|Handbook of Jainism||
FIFTH STAGE OF DEVELOPMENT
|Holy men||Six daily activities|
The removal, one by one, of the four classes of instrumental causes which make us what we actually are, is the means whereby we become what we are potentially; and the soul in this process of becoming is developed through the stages now in course of being given.
In the fourth stage of development, the first of the four causes is removed, or at any rate controlled. In this fifth stage, the second cause, lack of self-control, is partially removed or kept down. In this stage there is partial self-control, and there is the right attitude. All persons in this stage, therefore, know the value of self-control, they all make the effort to practice it, and they practice it in part.
In the fourth stage, there is control of the worst degree of anger, pride, deceitfulness, and greed, and the lack of self-control in that stage means the less intense degrees. In the fifth stage, there is control of the degree of anger, etc., next above the worst, and therefore in this fifth stage vows to refrain from certain activities of an injurious nature can be taken. There is partial self-control in relation to living beings, having the power of locomotion, but not in relation to stationary living things, like plants.
In this stage, we are liable to generate any of the knowledge-obscuring energies, any of those forces which prevent us from doing right actions which we see ought to be done and may wish to do. Also we may generate the male sex passion, disgust, fear, grief, laughing and joking, improper liking and disliking, also the milder degrees of greed, deceitfulness, pride, and anger. We may generate both pain and pleasure; life as an angel, but not as man, animal or devil.
As already mentioned, all persons in this fifth stage of development practice self-control partially. When perfect self-control over the sense pleasures, desires, emotions, passions, etc., is practiced, then there is no question of degrees; but here, in this fifth stage of partial control, the question of degrees arises, and three degrees may be considered, namely, a low, a moderate, and a high degree.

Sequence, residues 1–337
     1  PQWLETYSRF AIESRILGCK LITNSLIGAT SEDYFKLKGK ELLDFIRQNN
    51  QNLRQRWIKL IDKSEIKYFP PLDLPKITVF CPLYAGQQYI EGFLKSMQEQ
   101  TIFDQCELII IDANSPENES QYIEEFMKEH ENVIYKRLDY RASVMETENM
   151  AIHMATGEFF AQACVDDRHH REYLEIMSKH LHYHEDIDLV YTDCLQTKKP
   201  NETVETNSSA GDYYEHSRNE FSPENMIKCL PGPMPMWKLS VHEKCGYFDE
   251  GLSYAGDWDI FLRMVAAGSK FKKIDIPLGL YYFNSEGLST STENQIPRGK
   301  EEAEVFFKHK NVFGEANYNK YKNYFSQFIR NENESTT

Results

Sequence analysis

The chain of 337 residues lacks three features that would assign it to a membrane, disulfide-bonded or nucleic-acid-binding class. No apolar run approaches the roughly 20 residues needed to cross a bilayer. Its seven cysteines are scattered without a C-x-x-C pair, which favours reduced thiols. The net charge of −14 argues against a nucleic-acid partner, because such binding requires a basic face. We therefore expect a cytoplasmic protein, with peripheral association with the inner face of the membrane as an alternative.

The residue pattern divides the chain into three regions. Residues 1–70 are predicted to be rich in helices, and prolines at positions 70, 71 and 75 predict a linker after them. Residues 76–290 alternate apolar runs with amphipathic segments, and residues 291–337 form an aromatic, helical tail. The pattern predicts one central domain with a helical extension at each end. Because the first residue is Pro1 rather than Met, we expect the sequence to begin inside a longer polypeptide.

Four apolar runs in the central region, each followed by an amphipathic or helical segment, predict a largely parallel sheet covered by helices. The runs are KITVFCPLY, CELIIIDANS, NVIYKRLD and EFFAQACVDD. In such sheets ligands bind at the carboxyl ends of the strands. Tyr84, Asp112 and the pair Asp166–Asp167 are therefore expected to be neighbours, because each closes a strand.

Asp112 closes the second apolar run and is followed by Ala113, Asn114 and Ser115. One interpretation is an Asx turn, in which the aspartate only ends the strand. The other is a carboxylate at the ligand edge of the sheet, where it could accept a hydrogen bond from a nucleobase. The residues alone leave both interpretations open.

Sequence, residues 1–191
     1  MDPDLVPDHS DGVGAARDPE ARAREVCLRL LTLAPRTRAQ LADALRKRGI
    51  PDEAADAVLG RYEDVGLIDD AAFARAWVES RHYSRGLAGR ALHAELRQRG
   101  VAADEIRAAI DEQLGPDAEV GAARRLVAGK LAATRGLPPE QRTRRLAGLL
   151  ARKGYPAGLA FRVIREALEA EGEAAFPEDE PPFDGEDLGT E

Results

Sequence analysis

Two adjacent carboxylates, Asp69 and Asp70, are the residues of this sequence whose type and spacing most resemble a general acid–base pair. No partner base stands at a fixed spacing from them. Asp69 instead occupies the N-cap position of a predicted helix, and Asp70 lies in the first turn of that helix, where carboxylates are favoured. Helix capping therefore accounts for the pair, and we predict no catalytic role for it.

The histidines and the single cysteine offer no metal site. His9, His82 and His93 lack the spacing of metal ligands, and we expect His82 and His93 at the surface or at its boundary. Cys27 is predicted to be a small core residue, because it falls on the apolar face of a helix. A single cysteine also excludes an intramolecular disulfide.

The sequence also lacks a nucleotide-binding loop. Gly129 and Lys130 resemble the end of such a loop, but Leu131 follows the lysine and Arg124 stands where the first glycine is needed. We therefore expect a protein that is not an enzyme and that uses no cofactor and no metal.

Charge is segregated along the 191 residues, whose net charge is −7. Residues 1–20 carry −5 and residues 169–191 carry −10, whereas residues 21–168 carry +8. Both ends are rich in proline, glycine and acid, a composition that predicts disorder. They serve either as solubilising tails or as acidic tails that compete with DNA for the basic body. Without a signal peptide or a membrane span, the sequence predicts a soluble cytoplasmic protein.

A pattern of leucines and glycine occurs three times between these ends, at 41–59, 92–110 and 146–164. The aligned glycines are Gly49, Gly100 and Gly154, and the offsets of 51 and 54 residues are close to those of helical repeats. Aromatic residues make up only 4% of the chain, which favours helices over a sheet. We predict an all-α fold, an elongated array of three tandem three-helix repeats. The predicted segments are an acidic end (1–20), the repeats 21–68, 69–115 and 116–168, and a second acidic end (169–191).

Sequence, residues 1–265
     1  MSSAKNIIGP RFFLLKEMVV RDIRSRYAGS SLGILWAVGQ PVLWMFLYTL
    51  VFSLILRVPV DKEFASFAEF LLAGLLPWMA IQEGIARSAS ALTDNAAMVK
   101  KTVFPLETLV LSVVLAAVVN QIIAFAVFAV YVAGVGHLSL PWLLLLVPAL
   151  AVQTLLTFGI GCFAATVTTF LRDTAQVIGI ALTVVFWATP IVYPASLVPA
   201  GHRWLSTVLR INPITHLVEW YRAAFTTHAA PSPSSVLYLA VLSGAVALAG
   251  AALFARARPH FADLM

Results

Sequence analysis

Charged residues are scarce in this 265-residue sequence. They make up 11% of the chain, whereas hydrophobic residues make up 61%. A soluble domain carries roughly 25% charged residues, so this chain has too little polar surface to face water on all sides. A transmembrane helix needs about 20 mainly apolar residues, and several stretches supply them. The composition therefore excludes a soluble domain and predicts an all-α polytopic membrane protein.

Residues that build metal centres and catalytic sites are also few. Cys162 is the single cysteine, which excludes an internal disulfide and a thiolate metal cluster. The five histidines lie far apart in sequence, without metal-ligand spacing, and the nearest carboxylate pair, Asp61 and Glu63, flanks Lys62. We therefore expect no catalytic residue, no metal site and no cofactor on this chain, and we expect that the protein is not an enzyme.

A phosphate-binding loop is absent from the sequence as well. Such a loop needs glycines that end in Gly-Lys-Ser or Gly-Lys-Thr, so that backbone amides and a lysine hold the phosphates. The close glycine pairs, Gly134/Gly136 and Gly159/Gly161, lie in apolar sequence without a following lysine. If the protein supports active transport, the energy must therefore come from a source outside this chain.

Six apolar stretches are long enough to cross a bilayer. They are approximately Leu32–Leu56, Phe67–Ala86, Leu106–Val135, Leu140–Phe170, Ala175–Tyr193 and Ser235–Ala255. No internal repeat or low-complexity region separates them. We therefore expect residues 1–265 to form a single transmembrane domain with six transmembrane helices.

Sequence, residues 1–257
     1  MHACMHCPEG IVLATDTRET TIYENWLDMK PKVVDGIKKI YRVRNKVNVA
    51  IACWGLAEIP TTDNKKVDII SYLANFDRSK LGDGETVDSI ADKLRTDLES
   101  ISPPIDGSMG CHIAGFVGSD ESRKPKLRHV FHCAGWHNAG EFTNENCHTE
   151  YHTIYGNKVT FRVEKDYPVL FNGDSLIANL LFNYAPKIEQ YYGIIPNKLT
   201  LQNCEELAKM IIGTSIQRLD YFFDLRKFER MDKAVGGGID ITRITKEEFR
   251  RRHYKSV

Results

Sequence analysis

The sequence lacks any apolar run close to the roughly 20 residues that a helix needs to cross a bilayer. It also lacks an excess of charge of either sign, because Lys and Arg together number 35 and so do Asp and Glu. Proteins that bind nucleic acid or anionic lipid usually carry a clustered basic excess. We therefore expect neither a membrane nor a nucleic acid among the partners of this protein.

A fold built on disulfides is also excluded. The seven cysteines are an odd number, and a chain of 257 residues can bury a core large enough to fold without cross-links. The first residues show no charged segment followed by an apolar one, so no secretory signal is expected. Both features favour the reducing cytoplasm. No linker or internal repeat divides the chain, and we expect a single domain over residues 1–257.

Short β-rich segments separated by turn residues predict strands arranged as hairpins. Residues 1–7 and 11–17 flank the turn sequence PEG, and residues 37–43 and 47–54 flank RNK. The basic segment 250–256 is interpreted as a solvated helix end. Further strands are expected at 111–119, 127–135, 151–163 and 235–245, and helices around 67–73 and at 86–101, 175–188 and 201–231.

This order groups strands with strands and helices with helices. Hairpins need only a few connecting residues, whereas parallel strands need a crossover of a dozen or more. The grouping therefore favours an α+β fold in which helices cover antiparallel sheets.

The person, practicing a low degree of self-control in the right attitude of mind, would give up meat-eating and alcoholic drink. He would resolve, and carry out the resolution not to destroy intentionally and without any special necessary cause any innocent living being or thing which has locomotion. And he would every now and then try to meditate upon the five kinds of great personalities postulated by the Jain philosophy.
The person practicing a moderate degree of self-control with the right attitude of mind, would follow the path of rectitude, his conduct would be good. He may observe the thirty-five rules of conduct previously given. He observes twelve special rules, which may be called vows, in the absence of a more adequate word to translate the Sanskrit term "vrata"; and he performs six daily activities. These twelve vows and six activities are given in the following pages.
A person practicing the highest degree of partial self-control, would eat only once a day; he would give up all kinds of food which is animate at the time of eating, such as raw fruit, lettuce, etc. He would practice absolute chastity. He would have the desire to adopt the vows of the monk; he may not be able to adopt them, but still he has the desire to.
The five kinds of great personalities referred to above are:
SIX DAILY ACTIVITIES
The practice of these activities is, already mentioned, one of the things a person exercising the middle degree of partial self-control would do:
The first method is by giving the name. The mention of the name is sufficient to bring to knowledge the idea of the object. The mention of names has a great deal to do with the rise and improvement of the mind; it is a great factor in those concrete activities which have to do with the progress of man.
The second method by which we cognize things or beings, look down upon, pay respect to, etc., is the picture, likeness, photograph, portrait, diagram, symbol, image, model, statue, etc. Absent persons can be worshipped by this means. The fact of the misuse of images does not disprove the philosophical truth that the image is an important factor, when its use is rightly understood. Photographs, etc., can be used as a means of insult or contempt (Guy Fawkes, for example); and they can be used for respecting and worshipping absent persons.
The third method is, when we wish to respect or worship a thing or person not yet in existence; we worship the previous state of that thing, or person. By paying respect to the present person or thing, we can pay respect to the future being or thing. For instance, the Indian prince Srenika is believed to have been the soul who is to be the first Master of the next cycle; so the first Master of the next cycle of time could have been worshipped by using Srenika in that way.
The fourth method of knowing a thing or paying respect, is by using the actual person or thing.
When a person has an ideal, he respects it; and the idea of the ideal is much strengthened by worship. Worshipping the ideal by any of the above four methods, strengthens the belief and convictions regarding that ideal.